Fictional companions and goth concerns.
I used to look everywhere for Princess Leia: on television, in videogames and in the aisles of K-B Toys. In 1995, Walmart rewarded me with one hideous action figure that seemed to take into account no aspect of Carrie Fisher’s appearance. Later, I learned this became an infamous collectible, sometimes called “Gorilla Leia” or “Monkey Face Leia.”
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In 1995, my dad brought a Dark Forces CD-ROM home from Office Max. A first-person shooter set against backdrops ranging from sewers to space yachts, the game acts as prequel to Star Wars: A New Hope, following defective Imperial officer-turned-Rebel-mercenary Kyle Katarn. Katarn’s mission is to steal the plans for the first Death Star from a secret Imperial base.
In the mission briefing, Senator Mon Mothma tells Katarn, “Once you have the plans, get out immediately. Operation Skyhook will deliver the plans to Princess Leia, on the consular ship Tantive IV. She will then continue the mission.” My young heart thrilled at the intel. Of course, I knew what happened when Leia continued the mission: A New Hope happened.
I could project so much on such a short period of time. I thought about the post-mission celebration: would Leia present Kyle Katarn a medal like the ones she gave Han and Luke? Or would Katarn fuck off into space like a true mercenary?
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Eager to find out, I navigated through the Imperial base (with occasional help from my dad), and retrieved the Death Star plans. After Katarn makes his escape, a voiceover says, “Kyle delivers the plans to the Rebel Alliance. Soon afterwards, the Death Star is destroyed.” Then, we’re delivered into a cutscene introducing the new Big Bad, Imperial General Rom Mohc.
Leia never appears.
Nevertheless, I soldiered on with Kyle. I trusted him because Leia trusted him. I was invested in his journey because Leia had been.
In the game’s final mission, Kyle poses as a smuggler and gets onto an Imperial starship, where he defeats the Big Bad. Senator Mon Mothma presents Katarn with a Star of Alderaan. Don’t get me wrong, Mon Mothma is cool – but the Princess/General of My Heart is nowhere to be seen. The credits roll.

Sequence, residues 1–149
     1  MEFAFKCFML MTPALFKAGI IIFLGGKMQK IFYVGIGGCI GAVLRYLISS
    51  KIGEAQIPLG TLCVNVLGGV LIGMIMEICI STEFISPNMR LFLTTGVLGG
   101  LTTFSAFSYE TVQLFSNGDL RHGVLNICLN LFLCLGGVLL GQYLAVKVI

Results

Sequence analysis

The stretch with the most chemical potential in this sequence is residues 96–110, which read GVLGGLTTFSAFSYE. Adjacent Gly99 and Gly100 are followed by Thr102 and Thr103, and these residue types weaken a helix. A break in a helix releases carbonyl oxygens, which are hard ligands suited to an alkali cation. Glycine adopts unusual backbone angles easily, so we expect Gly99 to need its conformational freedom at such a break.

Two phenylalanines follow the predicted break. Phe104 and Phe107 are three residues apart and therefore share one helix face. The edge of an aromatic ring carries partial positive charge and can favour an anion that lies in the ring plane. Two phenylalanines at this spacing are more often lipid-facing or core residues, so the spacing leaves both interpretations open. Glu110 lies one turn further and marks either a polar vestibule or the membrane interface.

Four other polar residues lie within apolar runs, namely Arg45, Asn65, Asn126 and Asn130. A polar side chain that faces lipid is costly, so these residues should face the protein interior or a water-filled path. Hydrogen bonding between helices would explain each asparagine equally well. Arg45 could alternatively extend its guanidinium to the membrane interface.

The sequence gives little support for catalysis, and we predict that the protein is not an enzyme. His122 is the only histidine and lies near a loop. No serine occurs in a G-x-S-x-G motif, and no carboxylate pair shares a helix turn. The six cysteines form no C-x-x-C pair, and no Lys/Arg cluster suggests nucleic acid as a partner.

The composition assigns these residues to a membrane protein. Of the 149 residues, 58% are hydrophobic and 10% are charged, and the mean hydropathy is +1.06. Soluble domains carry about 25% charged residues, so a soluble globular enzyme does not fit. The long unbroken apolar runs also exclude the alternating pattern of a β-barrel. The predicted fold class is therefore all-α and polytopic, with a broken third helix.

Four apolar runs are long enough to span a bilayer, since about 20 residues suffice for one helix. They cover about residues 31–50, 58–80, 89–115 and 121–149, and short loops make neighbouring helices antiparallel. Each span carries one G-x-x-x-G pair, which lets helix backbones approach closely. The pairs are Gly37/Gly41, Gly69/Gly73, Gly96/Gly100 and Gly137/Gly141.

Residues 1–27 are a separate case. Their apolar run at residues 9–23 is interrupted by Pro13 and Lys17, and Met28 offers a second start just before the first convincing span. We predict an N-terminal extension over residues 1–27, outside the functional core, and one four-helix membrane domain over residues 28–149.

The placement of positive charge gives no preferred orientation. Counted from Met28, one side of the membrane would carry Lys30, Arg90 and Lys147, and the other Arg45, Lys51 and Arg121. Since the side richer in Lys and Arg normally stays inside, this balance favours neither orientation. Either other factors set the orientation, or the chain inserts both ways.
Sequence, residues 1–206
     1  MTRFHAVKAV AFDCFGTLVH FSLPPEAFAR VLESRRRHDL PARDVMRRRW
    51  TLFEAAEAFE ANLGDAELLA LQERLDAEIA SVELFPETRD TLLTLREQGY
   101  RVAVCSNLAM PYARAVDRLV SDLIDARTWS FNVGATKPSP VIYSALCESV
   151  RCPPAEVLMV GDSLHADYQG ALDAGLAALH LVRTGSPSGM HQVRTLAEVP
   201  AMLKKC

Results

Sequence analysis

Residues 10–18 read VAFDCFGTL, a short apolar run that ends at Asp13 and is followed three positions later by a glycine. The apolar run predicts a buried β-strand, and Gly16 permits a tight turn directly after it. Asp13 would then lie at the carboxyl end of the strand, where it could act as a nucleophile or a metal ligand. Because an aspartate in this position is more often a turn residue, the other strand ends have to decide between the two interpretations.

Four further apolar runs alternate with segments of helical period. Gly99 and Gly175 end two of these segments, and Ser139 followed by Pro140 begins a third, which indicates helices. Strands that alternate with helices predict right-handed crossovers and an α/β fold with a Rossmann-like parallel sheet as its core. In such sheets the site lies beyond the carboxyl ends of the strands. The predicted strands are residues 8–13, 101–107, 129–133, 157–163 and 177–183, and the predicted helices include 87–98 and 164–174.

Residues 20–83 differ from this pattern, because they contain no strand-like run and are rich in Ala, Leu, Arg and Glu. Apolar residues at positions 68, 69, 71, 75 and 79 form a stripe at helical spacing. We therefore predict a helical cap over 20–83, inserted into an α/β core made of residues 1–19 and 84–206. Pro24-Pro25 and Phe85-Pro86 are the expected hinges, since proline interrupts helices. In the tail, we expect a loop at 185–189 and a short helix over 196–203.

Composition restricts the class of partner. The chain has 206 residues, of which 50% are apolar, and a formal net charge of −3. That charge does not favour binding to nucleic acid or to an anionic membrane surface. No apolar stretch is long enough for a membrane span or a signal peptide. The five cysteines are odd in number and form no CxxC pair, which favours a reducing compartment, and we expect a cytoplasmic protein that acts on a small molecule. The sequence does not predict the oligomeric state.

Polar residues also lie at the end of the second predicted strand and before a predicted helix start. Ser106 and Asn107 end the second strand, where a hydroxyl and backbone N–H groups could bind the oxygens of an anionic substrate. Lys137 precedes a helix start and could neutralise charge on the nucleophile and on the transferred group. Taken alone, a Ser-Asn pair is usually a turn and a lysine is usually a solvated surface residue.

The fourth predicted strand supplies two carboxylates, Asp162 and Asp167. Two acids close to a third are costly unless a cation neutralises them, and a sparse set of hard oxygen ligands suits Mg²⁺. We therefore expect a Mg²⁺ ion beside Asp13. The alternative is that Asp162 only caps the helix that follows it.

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Leia appears in many Star Wars games I haven’t played – including one or two that existed during my childhood: the Star Wars platformer where Leia can replace Luke during gameplay (1991), Shadows of the Empire (1996), LEGO Star Wars (2007), The Force Unleashed (2008), Battlefront (2015), Rivals (2017), et cetera. Oh, and in the probably not licensed by LucasArts dress-up game on GirlGames.com, Princess Leia: Good or Evil? (I picked evil). But I didn’t have those games or those platforms as a kid; I had MS-DOS and Kyle Katarn.
To be clear, I never played any of the other games in which Katarn appears, nor have I read any of the expanded universe novels where he appears as a close friend of Luke Skywalker. My friendship with Katarn is based solely on his first appearance in the Star Wars universe, the original Dark Forces. Kyle and Leia probably did meet, I just never knew about it. For all my obsessiveness about the original trilogy, I never delved too deeply in the expanded universe. I read a few comics and junior novels – Zorba the Hutt’s Revenge, for example, because it had Leia on the cover; Splinter of the Mind’s Eye because it had Leia on the cover.
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Over the course of Dark Forces, Kyle Katarn and I developed a friendship – hesitant at first, but ultimately real. I liked his jacket, his surliness, the screams he emitted on falling to his death (I misremembered this as the Wilhelm Scream, but apparently LucasArts used the lesser known “Howie Scream” or “Screams 3; Man, Gut-wrenching Scream And Fall Into Distance,” recognizable from The Princess Bride and AAAHH!!! Real Monsters).
As I continually got killed by cephalopodic dianogas (a.k.a. the trash compactor monster from A New Hope) in Anoat City’s nasty sewers, I realized that although I cared about Kyle less than Leia, he and I had been through a lot more together. We’d waded through sewers, rescued some nerd from a prison planet, destroyed an ice station, fought Boba Fett and been murdered by countless stormtroopers.
And I respected Katarn.
When Mon Mothma describes a new threat and asks Katarn if he’s still on the Rebels’ side, an uncomfortable pause ensues. Finally, Katarn replies, “This could be interesting. All right, I’m in.”
So was I.